Skip to main content
Scenes from The University of Rhode Island

URI senior from Warwick to speak at URI's 118th Commencement

Media Contact:

KINGSTON, R.I. --May 18, 2004 -- When Mary Earle was a freshman at the University of Rhode Island, she was unhappy and thought about transferring to another school.

The music education major has changed her tune. "URI is a fabulous institution. It has been such a great fit. I wouldnít have wanted it any other way," says the senior from Warwick who was just chosen as the student speaker for URI's 118th Undergraduate Commencement ceremony on May 23.

"As an orientation leader, I often tell my story to incoming freshmen. I tell them about my 180 degree turn."

Earleís resident assistant began the turn by pointing Earle in the right direction. The RA convinced her to become involved in some of the many activities URI had to offer and suggested that Earle become a resident assistant herself.

"From there it snowballed," says the 22-year-old who has been a resident assistant for the past three years. An orientation leader last year, she became orientation team leader this year.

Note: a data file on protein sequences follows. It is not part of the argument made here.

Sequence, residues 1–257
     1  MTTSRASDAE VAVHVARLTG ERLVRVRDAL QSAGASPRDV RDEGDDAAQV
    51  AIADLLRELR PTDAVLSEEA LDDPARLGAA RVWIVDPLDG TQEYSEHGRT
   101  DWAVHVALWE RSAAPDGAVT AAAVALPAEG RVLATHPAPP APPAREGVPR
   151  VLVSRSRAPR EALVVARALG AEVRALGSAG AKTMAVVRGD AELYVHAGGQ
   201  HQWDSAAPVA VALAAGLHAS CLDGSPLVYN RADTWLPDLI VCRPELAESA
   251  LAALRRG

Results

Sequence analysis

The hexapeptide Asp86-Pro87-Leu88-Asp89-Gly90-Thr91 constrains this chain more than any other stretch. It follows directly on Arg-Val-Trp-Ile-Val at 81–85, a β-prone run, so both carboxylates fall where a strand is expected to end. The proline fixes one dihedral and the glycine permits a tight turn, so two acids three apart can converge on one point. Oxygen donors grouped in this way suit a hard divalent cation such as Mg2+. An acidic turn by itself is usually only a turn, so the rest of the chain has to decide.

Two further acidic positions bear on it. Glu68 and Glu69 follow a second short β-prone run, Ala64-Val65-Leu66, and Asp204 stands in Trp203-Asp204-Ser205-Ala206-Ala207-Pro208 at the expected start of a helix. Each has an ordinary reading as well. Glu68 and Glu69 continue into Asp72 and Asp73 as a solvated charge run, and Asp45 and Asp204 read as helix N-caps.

She has also been a tour guide, showing prospective students and their parents the multiple facets of what the University has to offer. And she is also a Peer Advocate talking to other students about prevention of violence against women. Last year, she was a founding sister of the Zeta Epsilon Tau Alpha sorority, which is based on leadership and service.

Music, particularly jazz, has been the theme that has played throughout her life since she was introduced to the saxophone in seventh grade. Earle began playing the baritone saxophone at URI, an instrument that is nearly as big as she is. "Yes, Iím the music girl," she says. "Like many music majors here at URI, I just have a knack for it."

She plays in URI's Marching Band, Big Band, Concert Band, and in Jazz Combos and spends several hours every day, practicing or rehearsing. "Thereís a concert nearly every week," she says.

In addition to the saxophone, Earle plays the harp, piano, and numerous other instruments. "I learned to play wind, string, brass, and percussion instruments. I want to be sure to know how to play them so that I can teach them." Next fall, Earle will student teach in the West Warwick schools.

Right now, the URI senior is polishing her speech. "Iíve always played in the band for Commencement," she says. "This year, Iíll be on the platform giving a speech."